tuples in Hack. They are really tuples (a collection) and
not a type which can hold several types. Such tuples
might well be introduced in TSPHP as well in the future.

Closuresint callable(int)(function(int): int)TSPHP does not yet support
those concepts, but the presented
syntax is most likely how it will
look like in TSPHP.


T foo<T>(T $x)

foo<T>(T $x) : T 

ConstraintsT foo<T as A>(T $x)foo<T as A>(T $x): T
namespacesnamespace t;namespace t; 
cast to class/interface(Type)not yet supported 
cast modifiercast int $a;not (yet) supported 
Casting Operatorint $a =() 1.2;not (yet) supported 
Identifier case sensitive?yes? 
Field initialisation of scalar typesautomatically:
//$a will be 1 
class A{int $a;}
Check implemented which
does not cover all cases.
Field can be null in some cases
Question about field initialisation
was asked in a presentation of HHVM.

When will the version 1.0.0 of TSPHP come out?

R. Stoll: This will take some time and as long as I am the only contributor this will certainly not be before the beginning of 2017 ^^ 

Interviewer: in 3 years! you must be kidding, isn't it? Why should one even care about TSPHP if it takes so long?

R. Stoll: That is my point, if no one else cares then it will take so long (or even longer). If others care about the project and contribute to the project then v. 1.0.0 might be out in 2016 or even in 2015. Thus I hope there are actually other people out there which like the idea of TSPHP and support the project. See, I am not employed by anybody to contribute to this project and I spend quite a bit of my free time to contribute to this project.

What will be included in 1.0.0?

R. Stoll: v. 1.0.0 shall cover more or less all features of PHP (excluding features which are not wanted in TSPHP) and shall include generics and typed arrays additionally.

Interviewer: New features are implemented in PHP with every version, is v. 1.0.0 going to include those features as well?

R. Stoll: Hard to say since I do not know what new features will be implemented in the future. There will certainly be features which TSPHP will not yet support and others which will be supported and maybe even some features will be implemented in TSPHP which have been rejected in PHP.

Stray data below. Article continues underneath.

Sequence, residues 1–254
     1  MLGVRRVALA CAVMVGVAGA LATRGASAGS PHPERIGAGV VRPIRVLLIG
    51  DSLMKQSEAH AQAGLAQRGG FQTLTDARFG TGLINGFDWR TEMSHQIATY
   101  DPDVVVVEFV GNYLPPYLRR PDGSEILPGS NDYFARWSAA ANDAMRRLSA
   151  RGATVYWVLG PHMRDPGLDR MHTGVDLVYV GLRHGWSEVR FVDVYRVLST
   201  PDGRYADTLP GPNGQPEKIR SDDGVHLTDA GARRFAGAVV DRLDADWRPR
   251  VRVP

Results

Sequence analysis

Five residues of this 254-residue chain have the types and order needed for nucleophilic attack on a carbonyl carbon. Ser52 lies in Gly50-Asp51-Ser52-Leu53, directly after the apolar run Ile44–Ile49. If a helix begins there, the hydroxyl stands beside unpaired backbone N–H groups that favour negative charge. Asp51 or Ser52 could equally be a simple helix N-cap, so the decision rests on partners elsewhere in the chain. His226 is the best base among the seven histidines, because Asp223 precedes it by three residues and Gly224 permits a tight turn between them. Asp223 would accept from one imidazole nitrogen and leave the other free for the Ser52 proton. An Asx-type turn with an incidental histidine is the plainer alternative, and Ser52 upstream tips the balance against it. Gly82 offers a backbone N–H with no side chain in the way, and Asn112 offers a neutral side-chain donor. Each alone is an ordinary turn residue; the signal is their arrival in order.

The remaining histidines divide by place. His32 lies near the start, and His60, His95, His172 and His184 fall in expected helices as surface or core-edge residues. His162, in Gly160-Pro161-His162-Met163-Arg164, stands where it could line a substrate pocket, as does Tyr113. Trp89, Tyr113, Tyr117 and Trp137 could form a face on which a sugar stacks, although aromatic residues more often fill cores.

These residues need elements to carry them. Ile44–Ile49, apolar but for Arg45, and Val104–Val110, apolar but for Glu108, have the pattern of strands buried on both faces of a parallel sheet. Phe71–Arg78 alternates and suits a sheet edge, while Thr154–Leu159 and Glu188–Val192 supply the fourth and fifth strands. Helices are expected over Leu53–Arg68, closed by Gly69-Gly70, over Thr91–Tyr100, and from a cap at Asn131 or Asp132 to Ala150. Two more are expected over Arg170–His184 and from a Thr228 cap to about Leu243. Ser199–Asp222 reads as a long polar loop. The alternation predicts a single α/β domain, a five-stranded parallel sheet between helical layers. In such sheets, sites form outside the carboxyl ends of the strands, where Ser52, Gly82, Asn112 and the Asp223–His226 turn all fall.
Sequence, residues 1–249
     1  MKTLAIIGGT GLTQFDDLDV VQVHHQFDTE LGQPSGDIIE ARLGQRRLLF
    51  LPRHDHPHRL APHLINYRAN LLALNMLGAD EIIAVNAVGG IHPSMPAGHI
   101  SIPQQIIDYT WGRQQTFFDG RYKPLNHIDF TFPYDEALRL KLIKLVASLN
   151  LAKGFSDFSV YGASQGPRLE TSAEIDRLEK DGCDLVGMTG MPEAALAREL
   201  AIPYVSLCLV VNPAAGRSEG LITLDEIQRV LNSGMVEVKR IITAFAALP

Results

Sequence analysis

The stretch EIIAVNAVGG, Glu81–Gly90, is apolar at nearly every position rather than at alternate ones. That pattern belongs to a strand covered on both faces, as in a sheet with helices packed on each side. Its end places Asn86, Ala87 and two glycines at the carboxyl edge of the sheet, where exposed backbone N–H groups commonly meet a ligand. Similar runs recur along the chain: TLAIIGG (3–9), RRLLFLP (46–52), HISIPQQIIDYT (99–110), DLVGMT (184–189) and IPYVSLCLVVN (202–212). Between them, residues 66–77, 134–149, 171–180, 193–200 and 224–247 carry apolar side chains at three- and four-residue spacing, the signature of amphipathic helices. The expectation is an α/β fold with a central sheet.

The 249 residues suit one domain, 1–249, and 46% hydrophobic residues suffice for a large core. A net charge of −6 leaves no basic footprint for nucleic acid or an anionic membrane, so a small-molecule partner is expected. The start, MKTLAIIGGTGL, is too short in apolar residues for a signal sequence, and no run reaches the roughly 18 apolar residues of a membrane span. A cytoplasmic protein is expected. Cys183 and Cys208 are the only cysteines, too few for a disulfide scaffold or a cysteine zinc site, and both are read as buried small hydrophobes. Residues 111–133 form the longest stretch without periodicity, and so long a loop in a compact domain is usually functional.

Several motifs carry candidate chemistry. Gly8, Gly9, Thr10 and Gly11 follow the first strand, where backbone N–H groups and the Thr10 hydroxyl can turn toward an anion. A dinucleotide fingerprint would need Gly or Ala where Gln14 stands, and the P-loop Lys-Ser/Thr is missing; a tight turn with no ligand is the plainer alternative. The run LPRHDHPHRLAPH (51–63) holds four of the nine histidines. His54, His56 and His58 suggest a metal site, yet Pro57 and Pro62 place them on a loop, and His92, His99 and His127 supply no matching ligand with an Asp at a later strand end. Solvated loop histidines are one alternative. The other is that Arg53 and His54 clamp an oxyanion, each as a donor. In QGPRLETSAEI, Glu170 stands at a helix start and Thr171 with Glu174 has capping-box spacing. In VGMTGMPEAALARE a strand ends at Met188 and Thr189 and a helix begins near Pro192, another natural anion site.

Is TSPHP using semantic versioning?

R. Stoll: TSPHP is somewhat in experimental mode and cannot guarantee for backward compatibility up to v. 1.0.0. After releasing v. 1.0.0 it will stick to semantic versioning.

Yet, since TSPHP relies on PHP it cannot guarantee for any backward compatibility breaks introduced in PHP itself. 

How can others contribute to the project?

R. Stoll: There are a few ways how one can contribute to the project:

  1. Providing feedback to the topics mentioned in the page Not yet implemented
  2. Asking questions about TSPHP (write an email to
  3. Try out TSPHP and provide feedback -> latest demo client can be found on the build server (
  4. Improve the Language Reference Manual or other wiki pages (for instance this interview) by
    1. Adding further examples
    2. Correct my grammar mistakes (I am not a native speaker as you have surely noticed)
    3. etc.
  5. By implementing/fixing issues -> have a look at the issue tracking system and the version control system (github)
  6. Reporting bugs and submit feature/change requests
  7. Write about TSPHP in your own blog (might encourage others to contribute to the project)
  8. Post a link on facebook, twitter, google+ and co.
  9. Speak about TSPHP with your colleagues (might encourage others as well)
  10. Are you an undergraduate or postgraduate student and are looking for a topic for your thesis? I have some interesting topics for you (wink)
  11. Donations are welcome as well of course. However, I have not opened a bank account for TSPHP yet so please contact me first.
  12. I am sure you have further ideas (if so, let me know (smile))

Please have a look at Contribute to the project for more information.
In all cases, if you wish help or have further questions, do not hesitate to contact me directly (

Interviewer: All right, thank you very much for your time and I hope the project will find other contributors

R. Stoll: Thank you for having me